I was struck, at the end of the very well received opening, by the somewhat reserved response to Domingo at the curtain call. One might expect an artist of his calibur and his long and illustrious history in the house to be greeted with the operatic equivalent of rock-star hysteria whenever he appears, but here, while he received warm applause, there was no outpouring of mass gratitude and reverence such as have greeted other iconic performers toward the end of their careers. One almost got the sense that Domingo’s very seriousness of approach somehow heads off such demonstrations. Or perhaps the reserve of the reformer Gluck tends to rub off on his fans. But I find myself hoping it was merely an aberration, as I, for one, would like to see this great master given his full due. spacer 


Personal Best

(Observations, Brian Kellow, Performances, Listening) Permanent link

It's been a season of great losses in the opera world, the most recent one being Margaret Price, who died of heart failure on January 28 at her home in Wales. She was only sixty-nine. Why does her relatively early passing make me so sad? Maybe it's because her career never quite seemed to reach the heights that many of us thought it should. I don't mean to suggest that Price was underrated, certainly not by anyone who ever heard her live — at least not by anybody I knew. But she never maintained a highly aggressive approach to her career, and her appearances in the U.S. were relatively rare. She always left us wanting more.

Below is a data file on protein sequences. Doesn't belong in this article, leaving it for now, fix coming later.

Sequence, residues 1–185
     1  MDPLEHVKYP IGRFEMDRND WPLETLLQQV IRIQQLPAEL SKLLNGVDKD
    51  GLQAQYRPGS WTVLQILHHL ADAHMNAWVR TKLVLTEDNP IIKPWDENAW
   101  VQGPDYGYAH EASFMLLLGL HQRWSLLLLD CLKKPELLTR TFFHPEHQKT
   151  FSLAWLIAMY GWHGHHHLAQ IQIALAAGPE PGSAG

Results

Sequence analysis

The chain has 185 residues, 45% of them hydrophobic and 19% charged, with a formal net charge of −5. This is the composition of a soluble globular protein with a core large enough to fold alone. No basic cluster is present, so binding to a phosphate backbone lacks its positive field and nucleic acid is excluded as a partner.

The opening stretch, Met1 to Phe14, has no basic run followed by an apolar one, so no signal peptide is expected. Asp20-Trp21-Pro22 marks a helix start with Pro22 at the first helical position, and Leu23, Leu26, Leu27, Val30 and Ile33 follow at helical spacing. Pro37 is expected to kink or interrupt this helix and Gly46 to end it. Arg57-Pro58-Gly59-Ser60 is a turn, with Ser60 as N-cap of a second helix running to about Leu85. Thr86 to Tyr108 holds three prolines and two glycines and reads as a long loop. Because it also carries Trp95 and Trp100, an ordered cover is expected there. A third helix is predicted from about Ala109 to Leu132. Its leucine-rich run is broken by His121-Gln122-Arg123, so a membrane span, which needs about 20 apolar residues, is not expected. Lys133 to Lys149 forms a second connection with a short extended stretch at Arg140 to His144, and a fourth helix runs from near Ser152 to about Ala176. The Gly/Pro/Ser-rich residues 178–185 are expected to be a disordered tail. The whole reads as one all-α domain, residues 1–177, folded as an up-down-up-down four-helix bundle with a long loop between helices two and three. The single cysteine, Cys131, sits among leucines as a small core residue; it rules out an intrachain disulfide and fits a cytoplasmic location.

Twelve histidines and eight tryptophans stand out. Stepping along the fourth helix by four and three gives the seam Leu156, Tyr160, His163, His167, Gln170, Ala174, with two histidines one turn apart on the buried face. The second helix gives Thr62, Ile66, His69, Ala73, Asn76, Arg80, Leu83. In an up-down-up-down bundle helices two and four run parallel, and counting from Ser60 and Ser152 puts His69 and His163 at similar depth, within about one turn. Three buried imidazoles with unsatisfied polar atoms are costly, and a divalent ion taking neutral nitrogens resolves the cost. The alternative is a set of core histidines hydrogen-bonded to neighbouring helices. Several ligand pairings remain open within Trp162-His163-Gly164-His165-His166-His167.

I was there for her Met debut in 1985, as Desdemona. The company was chastised for not having her sooner; after all, she had made her professional debut twenty-three years earlier, as Cherubino at Welsh National Opera. Belated or not, her Desdemona was widely discussed as one of the most important Met debuts in years — another being Jessye Norman in Les Troyens in 1983. Price gave a superb performance. The sound she poured out was ample yet with an exquisite fragility and femininity. She was all we could ask of a Desdemona, and even though she loomed large onstage physically as well as vocally, I don't remember anyone I knew saying a word about her size. Her degree of vocal artistry made it seem crass even to suggest that she was too hefty to be "convincing."